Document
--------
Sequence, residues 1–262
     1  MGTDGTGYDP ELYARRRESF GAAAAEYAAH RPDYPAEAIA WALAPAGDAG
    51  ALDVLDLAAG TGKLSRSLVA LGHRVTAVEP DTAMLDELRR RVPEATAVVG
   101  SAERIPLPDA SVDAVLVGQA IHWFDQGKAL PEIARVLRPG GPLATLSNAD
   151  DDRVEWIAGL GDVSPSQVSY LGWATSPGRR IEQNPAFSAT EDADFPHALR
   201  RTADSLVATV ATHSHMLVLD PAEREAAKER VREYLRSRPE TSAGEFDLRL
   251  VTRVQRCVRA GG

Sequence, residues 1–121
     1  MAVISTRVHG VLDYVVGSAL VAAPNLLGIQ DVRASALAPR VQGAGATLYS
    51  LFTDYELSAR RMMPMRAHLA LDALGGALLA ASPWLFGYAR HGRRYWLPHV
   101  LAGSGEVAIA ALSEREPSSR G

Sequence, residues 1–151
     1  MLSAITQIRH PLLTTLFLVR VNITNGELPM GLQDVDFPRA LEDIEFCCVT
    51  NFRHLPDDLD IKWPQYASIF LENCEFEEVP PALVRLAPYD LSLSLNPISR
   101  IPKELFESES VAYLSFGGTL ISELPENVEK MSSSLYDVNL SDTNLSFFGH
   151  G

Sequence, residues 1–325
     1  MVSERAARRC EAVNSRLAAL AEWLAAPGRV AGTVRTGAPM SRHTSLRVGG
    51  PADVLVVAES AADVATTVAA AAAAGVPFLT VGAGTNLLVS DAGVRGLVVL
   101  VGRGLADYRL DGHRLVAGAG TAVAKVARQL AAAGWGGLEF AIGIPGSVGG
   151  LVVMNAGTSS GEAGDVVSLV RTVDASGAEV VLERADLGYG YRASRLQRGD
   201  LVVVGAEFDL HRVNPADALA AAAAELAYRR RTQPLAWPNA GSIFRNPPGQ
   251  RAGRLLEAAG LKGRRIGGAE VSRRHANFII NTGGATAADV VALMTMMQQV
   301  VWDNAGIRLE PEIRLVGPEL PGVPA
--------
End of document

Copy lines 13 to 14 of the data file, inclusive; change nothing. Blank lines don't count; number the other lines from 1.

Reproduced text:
     1  MLSAITQIRH PLLTTLFLVR VNITNGELPM GLQDVDFPRA LEDIEFCCVT
    51  NFRHLPDDLD IKWPQYASIF LENCEFEEVP PALVRLAPYD LSLSLNPISR